The passing of Mel Simon adds more uncertainty to the Indiana Pacers’ future in Indianapolis.
Without question, Mel’s co-Pacers-owning younger brother, Herb, always has had more direct involvement in the franchise, especially so lately as Mel’s health deteriorated while Herb vowed to reverse the Pacers’ fortunes.
As if they needed it, I’ve defended the Simons’ presence in the city … the jobs they’ve created, their incredible philanthropy and the presence of Circle Centre in the downtown dynamic. More often, I’ve expressed my profound thanks for their decision to step forward and save the Pacers for Indianapolis back in 1982.
You wonder how it might all have played out had the Simons taken a pass and allowed the Pacers to be sold by their then-California-owner Sam Nassi. Would that have dealt a fatal blow to the sports strategy that was just gathering momentum in the early ’80s? What might have been the effect on downtown?
Fast forward to the present. As the situation continues to evolve between the Pacers and the Capital Improvement Board, we again have to consider whether the Pacers—and the WNBA Indiana Fever—can remain viable and how Mel Simon’s death will play into any decisions made at a time when so much is in play. Certainly, CIB Vice President Pat Early’s recent testimony regarding the Pacers’ future had an ominous overtone.
For better (my view) or worse (critics’ view), the Pacers are an institution, part of our fabric and identity.
But circumstances arise and teams come and go. It’s been happening for years and, of course, back in 1984, we were the beneficiary when the Baltimore Colts moved here.
Losing the Pacers, however, would be like losing our firstborn. Without the Pacers, there likely would have been no Market Square Arena, at least not in the time frame it happened. Without Market Square Arena, downtown development might likely have lagged to the point where there would have been no impetus to build the Hoosier Dome.
Without the Hoosier Dome, there would have been no Colts, no Final Fours, maybe no Circle Centre.
Critics say, fine; we’d be better off without all that. I say, nonsense.
Sure, these last few years have been tough for the Pacers. I choose not to rehash.Now I believe the Pacers are on their way back. In the NBA, because of its ludicrous guaranteed contracts, it takes time.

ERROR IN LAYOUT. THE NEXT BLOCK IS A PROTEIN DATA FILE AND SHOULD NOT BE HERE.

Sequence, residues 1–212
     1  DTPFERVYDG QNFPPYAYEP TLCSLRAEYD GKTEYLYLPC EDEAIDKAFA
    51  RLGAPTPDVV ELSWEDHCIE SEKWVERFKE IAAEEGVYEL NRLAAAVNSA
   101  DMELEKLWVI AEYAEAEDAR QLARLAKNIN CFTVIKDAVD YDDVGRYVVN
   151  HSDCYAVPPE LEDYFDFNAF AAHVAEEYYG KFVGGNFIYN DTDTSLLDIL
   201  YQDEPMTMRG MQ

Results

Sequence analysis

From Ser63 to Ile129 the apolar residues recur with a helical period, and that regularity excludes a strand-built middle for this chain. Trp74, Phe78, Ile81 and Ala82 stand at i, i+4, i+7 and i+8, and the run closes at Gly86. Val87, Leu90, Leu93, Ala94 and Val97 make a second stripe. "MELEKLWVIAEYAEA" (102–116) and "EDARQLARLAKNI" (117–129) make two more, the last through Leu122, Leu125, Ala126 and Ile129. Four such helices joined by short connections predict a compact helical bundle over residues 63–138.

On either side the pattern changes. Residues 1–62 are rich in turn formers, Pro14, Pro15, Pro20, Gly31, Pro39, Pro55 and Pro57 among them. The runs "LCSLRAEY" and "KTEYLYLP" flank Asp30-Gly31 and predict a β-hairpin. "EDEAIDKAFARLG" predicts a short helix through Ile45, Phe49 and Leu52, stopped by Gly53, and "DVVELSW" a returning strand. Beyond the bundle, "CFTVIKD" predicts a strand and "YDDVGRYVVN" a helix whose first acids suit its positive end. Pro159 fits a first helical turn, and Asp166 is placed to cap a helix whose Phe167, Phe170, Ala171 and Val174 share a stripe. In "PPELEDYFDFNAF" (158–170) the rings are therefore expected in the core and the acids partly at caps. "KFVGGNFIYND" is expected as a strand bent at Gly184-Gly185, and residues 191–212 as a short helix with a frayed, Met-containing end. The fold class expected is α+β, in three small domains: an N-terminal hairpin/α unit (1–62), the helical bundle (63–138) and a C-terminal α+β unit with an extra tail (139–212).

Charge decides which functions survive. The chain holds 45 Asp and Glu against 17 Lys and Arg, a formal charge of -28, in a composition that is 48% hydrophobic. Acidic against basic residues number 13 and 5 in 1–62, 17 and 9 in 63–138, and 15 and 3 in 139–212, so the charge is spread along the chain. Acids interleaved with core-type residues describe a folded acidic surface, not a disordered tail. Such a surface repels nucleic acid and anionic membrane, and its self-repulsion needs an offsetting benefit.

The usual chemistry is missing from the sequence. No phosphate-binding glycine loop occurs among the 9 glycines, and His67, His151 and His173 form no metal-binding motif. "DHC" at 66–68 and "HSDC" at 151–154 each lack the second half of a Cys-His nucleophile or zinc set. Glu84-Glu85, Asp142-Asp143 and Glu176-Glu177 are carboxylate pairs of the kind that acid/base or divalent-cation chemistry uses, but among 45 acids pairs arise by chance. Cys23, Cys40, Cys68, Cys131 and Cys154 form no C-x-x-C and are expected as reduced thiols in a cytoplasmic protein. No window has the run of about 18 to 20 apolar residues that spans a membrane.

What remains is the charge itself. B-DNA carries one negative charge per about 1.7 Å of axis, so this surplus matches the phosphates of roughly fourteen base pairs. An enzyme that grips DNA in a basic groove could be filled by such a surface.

But just the thought of Indy without the Pacers makes my gut hurt. It’s because I remember the men who birthed the franchise and turned it into the old ABA’s finest. It’s because I remember the sacrifices it took to make the team one of four that got absorbed into the NBA in a ridiculously one-sided agreement. It’s because I so well remember the telethon that saved the team in 1978.
And, yes, it’s because I remember the sense of salvation when Mel and Herb Simon bought the team. At long last, the Pacers had solid, well-funded local ownership.
But even rich guys have their limits. The Pacers say they can’t make a go of it without help with the operating expenses of the fieldhouse from CIB. CIB says it doesn’t have the dough. Meanwhile, it seems to me that losing the Pacers (and the Fever) and their combined 60-70-plus dates would exacerbate, not alleviate, the funding issues of CIB and the fieldhouse.
Anyway, to all who would say good riddance, losing the Pacers wouldn’t make us a better city all of a sudden. It wouldn’t raise the graduation rates at IPS, or solve the sewer problems, or keep the streets safer (and please, no “thug” comments, OK?).
Maybe I see too much of the romance and not enough of the reality. The NBA’s salary situation absolutely punishes the smaller media markets. If the Pacers were the only game in town—like a San Antonio or Salt Lake City—it might be different.
Maybe it’s a game we can’t afford to play anymore. I hope that’s not the case.
In any case, it was a stroke of unbelievably good fortune when the U.S. Army assigned a native New Yorker named Mel Simon to Fort Benjamin Harrison, and he later decided to make Indianapolis his home and, with his brother, start a business here.
Along the way, they saved the Pacers once. Now we ask, is the franchise worth saving again? My answer is yes, but I don’t write the checks.•
Benner is director of communications for the Indianapolis Convention & Visitors Association and a former sports columnist for The Indianapolis Star. His column appears weekly. Listen to his column via podcast at www.ibj.com. He can be reached at email@example.com. Benner also has a blog, www.indyinsights.com.